And while it may be tempting to determine the scores for each idea in a conversational setting, rather than having each individual participant determine the score for each idea on their own, we don’t recommend that. (In other words, don’t do it.) Doing the scoring in a conversational setting is likely to cause a lot of information to be lost, and the variety of individual perspectives is likely to be clouded under the social pressure that arises in any group when there is bias toward agreeable dialog that leads to a general consensus.

You’ll get much better results, and more genuine reflection of individual opinions, if each individual does their own thinking, and then you compile and discuss their individual scores as the next step.

So let’s say you have 10 ideas under consideration, and each person has completed the scoring for each idea. Now it’s useful to have a conversation to explore why people have scored various ideas differently on any particular criteria.

These are extremely valuable discussion because they expose differing assumptions. When there’s a difference of opinion, this presents an opportunity for both people to discover something new about their views, and perhaps change their evaluation based on new information they learn in the dialog itself. This is important learning not only as it pertains to the specific ideas under discussion, but also for each individual’s broader perspective on management and change, because of course the underlying context for the discussion is each one’s views on what new products and services will be most successful in the future marketplace. This conversation, then, becomes part of the ongoing dialog about change, and how change is occurring, and the impact it will have on your firm. What you’re discussing are the benchmarks and milestones that you’ve already established, and you’re calibrating the rate of change and assessing its emerging impact, enabling you to track how it is unfolding.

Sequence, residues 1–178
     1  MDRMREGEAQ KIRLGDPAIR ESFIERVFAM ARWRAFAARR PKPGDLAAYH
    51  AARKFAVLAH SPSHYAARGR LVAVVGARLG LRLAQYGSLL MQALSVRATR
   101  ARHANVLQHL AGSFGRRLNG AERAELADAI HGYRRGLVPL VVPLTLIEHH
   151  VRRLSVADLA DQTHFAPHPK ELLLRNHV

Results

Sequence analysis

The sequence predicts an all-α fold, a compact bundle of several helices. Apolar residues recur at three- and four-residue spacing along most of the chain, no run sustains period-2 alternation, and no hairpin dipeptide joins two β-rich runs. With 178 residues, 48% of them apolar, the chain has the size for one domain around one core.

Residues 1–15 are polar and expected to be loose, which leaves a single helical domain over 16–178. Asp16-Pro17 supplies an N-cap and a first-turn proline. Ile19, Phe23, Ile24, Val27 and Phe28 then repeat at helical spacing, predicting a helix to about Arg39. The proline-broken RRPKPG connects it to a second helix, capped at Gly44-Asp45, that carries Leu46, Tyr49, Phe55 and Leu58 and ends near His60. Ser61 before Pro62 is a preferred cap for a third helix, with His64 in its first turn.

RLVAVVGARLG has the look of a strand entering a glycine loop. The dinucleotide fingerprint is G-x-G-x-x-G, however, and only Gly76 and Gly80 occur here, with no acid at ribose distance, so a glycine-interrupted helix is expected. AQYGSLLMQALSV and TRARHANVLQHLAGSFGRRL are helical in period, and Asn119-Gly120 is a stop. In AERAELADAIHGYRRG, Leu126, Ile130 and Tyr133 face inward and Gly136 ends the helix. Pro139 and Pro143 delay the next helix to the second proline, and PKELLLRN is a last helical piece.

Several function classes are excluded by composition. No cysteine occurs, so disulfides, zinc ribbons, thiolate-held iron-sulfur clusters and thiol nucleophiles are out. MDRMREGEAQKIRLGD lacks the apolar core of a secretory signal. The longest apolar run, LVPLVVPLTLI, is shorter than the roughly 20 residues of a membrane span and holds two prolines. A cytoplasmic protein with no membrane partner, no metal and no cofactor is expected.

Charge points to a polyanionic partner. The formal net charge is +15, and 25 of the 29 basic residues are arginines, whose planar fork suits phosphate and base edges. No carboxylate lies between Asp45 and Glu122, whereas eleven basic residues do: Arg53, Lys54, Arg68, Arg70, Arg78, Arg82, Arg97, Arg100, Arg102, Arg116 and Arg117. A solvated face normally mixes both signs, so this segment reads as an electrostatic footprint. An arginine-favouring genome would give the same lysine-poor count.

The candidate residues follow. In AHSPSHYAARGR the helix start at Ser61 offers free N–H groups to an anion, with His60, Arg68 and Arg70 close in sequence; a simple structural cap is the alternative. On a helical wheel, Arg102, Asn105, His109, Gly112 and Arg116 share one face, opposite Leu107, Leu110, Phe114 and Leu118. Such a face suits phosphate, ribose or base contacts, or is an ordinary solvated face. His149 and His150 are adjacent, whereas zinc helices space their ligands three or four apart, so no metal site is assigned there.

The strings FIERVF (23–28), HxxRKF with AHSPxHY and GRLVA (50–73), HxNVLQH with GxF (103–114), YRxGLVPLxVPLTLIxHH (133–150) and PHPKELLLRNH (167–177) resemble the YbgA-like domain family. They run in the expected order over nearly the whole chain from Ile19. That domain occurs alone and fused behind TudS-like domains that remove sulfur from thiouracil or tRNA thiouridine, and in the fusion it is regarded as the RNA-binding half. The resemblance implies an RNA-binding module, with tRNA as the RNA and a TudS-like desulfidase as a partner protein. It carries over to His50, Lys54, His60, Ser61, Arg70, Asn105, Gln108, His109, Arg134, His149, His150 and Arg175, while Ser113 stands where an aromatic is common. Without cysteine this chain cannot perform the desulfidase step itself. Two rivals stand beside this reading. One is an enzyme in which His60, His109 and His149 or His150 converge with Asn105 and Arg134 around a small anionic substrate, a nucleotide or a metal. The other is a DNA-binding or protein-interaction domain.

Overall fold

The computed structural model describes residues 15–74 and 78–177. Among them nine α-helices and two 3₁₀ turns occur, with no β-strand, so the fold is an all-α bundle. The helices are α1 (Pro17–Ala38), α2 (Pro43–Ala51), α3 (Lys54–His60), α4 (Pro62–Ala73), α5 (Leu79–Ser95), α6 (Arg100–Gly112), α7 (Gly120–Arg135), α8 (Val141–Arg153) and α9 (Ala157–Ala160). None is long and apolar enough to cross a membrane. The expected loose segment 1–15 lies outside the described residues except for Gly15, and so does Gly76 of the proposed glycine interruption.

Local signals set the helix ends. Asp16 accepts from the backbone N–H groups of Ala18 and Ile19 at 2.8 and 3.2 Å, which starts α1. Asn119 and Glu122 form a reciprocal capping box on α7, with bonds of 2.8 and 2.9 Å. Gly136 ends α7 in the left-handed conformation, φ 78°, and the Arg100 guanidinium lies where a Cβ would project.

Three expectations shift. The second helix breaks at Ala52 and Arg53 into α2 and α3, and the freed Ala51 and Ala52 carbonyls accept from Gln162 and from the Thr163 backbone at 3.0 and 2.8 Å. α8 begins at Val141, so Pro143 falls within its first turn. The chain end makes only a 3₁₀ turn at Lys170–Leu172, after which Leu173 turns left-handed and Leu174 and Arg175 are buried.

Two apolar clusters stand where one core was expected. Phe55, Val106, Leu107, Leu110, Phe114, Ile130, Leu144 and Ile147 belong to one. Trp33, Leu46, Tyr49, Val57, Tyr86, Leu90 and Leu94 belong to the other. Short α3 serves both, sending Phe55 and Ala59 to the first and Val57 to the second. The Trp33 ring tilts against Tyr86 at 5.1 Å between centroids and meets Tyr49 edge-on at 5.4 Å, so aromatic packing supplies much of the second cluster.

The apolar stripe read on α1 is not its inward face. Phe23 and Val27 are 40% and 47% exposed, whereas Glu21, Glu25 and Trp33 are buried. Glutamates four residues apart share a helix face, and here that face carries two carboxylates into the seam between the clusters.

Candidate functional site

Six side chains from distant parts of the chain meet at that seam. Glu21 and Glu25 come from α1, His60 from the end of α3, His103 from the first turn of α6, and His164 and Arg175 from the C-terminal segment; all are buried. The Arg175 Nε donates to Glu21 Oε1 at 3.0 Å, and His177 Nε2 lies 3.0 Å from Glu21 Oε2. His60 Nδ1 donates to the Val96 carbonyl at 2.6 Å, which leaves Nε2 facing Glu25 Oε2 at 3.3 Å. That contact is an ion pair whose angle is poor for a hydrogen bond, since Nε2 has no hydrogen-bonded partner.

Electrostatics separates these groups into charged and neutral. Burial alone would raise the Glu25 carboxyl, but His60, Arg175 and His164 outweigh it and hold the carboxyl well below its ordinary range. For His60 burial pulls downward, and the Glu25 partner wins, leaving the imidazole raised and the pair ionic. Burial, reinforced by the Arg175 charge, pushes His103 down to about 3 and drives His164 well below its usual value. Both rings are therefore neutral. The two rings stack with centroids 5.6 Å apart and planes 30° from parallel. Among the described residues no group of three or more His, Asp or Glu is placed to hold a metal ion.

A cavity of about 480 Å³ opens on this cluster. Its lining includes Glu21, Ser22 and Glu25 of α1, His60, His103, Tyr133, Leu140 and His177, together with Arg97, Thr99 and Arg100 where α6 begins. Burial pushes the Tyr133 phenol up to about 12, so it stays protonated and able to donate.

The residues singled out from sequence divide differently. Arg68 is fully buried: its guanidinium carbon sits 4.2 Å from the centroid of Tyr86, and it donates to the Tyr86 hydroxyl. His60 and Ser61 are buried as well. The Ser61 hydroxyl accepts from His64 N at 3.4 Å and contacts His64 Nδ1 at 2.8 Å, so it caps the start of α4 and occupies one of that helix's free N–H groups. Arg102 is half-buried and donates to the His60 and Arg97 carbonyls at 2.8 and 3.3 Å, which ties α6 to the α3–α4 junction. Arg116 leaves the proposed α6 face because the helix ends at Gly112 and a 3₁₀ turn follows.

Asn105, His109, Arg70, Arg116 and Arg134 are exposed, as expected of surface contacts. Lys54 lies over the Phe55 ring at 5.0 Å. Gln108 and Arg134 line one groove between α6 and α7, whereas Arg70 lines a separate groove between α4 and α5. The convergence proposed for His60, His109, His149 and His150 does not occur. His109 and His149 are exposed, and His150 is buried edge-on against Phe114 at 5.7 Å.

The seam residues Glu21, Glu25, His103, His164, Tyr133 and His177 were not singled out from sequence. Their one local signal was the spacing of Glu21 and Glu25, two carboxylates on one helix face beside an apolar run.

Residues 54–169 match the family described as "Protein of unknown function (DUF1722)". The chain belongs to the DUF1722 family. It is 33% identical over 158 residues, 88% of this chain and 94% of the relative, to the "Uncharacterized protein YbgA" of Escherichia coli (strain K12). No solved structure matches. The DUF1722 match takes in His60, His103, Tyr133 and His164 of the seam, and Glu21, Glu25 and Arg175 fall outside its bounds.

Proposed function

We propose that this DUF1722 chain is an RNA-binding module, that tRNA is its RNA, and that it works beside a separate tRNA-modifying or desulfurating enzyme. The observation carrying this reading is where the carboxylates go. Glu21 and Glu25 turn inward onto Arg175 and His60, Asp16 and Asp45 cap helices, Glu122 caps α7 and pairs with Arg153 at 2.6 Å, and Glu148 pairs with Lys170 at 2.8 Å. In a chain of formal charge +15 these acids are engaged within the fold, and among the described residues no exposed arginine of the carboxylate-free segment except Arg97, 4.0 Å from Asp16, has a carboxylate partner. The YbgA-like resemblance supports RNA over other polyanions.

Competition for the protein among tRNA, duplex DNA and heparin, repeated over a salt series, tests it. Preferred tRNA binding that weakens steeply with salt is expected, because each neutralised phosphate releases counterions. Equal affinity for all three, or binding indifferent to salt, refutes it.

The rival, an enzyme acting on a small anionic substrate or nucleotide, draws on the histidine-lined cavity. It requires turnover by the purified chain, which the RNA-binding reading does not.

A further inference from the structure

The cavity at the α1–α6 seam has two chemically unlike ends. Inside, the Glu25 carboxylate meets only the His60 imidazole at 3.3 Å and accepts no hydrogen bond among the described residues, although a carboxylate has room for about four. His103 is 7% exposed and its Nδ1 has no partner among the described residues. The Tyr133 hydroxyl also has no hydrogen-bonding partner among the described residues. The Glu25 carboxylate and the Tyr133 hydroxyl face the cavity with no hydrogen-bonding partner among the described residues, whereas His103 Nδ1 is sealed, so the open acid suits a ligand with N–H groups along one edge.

Here is where you will track the cone of uncertainty as the present catches up with the future, and you can see how accurate your predictions have been.

Hence, the innovation portfolio design process, and the dialogs that you’ll have in the process of designing and managing the portfolio, become the setting in which your efforts to track change become focused. Here’s where you engage in those critical conversations on a regular basis using a rigorous structure; here is where you will track the cone of uncertainty as the present catches up with the future, and you can see how accurate your predictions have been.

Total up the scores for each idea and you’ll most likely see a range of scores, with some clustering. In aggregate, the higher scoring ideas are, in the judgment of this group, the better ones, the ones in which you ought to be investing. But not necessarily.

It’s also quite possible that a low scoring idea is the most strategically important for some reason that is not reflected in the scores (it can and does happen), or conversely that a high scoring project isn’t really as attractive as its score may suggest. So while the scores should help enormously with the decision making, a high or low score in and of itself is not the deciding factor.

Once you’ve gotten the set of individual scores worked out and averaged, take the information you just created and plot all the ideas on a single matrix. Label the horizontal axis “risk,” and on the vertical axis “reward.”